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Friday, April 30, 1999 Published at 10:49 GMT 11:49 UK


Action needed to prevent premature diabetes deaths

Young diabetics are at risk of heart disease

The care of young people with diabetes must be urgently reviewed to reduce the threat of heart disease in later life, the British Diabetic Association (BDA) has claimed.

The BDA survey has found that cardiovascular disease is the leading cause of death among people with diabetes over the age of 30, and that, unlike the general population, women are at as great a risk as men.

Diabetics are four to five times more likely to be admitted to hospital due to heart disease than the general population.

Suzanne Lucas, BDA Director of Care, said research was needed to ascertain why:

  • Diabetic women lose their natural protection against heart disease
  • Diabetic men in the 30-39 age group are more at risk from acute complications than men in other age groups.

Ms Lucas said: "What is needed is a greater awareness among people with diabetes and health care professionals of the threat of cardiovascular disease and other complications.

"It is also essential that further work is carried out to prevent any unnecessary deaths."

The BDA survey is the largest ever carried out into young people with diabetes.

It also revealed that while the number of deaths among younger people with diabetes is small, there has not been the reduction in death rates that might have been expected during a period when care has been improving.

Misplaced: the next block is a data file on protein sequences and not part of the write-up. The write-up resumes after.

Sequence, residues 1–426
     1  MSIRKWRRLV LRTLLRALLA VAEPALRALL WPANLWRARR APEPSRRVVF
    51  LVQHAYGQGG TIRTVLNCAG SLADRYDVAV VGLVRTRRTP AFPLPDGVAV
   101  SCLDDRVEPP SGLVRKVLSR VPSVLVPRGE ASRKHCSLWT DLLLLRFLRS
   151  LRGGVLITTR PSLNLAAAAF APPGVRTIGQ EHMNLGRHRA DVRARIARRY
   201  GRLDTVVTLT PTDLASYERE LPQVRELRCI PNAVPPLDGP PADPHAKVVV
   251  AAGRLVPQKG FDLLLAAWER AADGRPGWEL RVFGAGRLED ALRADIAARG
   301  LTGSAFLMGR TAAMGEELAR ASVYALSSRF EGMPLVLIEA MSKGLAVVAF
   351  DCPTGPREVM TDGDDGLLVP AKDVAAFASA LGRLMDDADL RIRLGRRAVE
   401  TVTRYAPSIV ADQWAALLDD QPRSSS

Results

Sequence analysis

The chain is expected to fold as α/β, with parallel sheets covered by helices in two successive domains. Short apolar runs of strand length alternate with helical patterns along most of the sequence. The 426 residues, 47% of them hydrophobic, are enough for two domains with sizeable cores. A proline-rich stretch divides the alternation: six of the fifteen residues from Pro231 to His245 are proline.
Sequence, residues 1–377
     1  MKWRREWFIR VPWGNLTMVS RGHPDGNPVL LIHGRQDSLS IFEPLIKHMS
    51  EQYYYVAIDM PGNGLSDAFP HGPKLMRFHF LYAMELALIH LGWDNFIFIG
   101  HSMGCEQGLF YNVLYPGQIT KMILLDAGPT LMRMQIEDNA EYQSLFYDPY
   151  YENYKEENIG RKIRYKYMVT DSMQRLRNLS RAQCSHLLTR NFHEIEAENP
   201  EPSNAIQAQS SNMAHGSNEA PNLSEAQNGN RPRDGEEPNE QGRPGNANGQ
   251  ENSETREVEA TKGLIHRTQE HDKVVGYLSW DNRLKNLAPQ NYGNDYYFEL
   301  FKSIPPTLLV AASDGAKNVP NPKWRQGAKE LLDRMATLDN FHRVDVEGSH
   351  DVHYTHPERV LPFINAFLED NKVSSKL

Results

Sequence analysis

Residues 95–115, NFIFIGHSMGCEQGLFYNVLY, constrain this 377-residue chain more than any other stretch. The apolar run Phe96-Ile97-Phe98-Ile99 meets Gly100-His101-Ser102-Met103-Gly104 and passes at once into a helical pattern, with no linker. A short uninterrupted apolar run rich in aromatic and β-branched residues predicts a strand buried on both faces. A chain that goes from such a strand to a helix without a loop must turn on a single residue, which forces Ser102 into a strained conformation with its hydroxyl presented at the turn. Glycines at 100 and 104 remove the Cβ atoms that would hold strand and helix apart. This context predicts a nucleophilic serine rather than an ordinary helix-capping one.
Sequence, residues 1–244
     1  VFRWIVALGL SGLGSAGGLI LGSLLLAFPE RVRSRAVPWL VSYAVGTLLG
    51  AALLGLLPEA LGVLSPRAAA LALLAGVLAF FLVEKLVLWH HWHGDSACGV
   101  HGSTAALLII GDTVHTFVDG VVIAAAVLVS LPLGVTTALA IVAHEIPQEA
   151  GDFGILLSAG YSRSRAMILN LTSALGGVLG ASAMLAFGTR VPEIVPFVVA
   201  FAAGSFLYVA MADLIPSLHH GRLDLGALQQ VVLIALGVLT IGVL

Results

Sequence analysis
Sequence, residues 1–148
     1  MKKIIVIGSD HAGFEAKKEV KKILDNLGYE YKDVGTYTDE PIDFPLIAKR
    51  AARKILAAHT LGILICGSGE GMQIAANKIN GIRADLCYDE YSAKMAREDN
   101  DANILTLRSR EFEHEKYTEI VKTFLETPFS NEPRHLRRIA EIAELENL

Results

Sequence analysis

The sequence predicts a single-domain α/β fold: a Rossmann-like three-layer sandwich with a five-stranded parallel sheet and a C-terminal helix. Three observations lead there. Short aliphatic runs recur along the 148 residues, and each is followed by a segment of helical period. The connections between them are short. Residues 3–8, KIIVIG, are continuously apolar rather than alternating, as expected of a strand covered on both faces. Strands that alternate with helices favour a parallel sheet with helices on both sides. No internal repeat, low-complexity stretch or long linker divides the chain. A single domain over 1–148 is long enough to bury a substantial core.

The leading cause of death in diabetics under 30 is acute metabolic complications such as ketoacidosis.

Deaths must come down

Dr Felix Burden, consultant physician at Leicester General Hospital, said: "While the study has been vital in revealing the causes of deaths, we now need to address the question of why they are happening and what we can do to prevent them.

"Quality of life has improved enormously over the period of the study, but we must also reduce the total number of deaths."

The BDA is caling for:

  • Diabetics to take more exercise, eat a balanced diet and stop smoking
  • Health professionals to ensure newly diagnosed diabetics are fully appraised of all the health risks
  • Health workers to ensure universal awareness of the symptoms of diabetes and the signs of development of ketoacdosis
  • The Department of Health to launch an inquiry into the precise reasons for the high death rate among diabetics under 30.

Symptoms of diabetes include thirst and a dry mouth, tiredness, blurred vision and passing large amounts of urine.

Ketoacidosis develops when there is a severe shortage of the hormone insulin in the body.

If left untreated a sufferer can fall into a "diabetic coma" which can be life-threatening.

With appropriate and rapid treatment many of the deaths that occur as a result of ketoacidosis could be avoided.

The BDA study was based on the medical records of 23,752 people who were diagnosed before the age of 30 with type one diabetes between 1972 and 1993.

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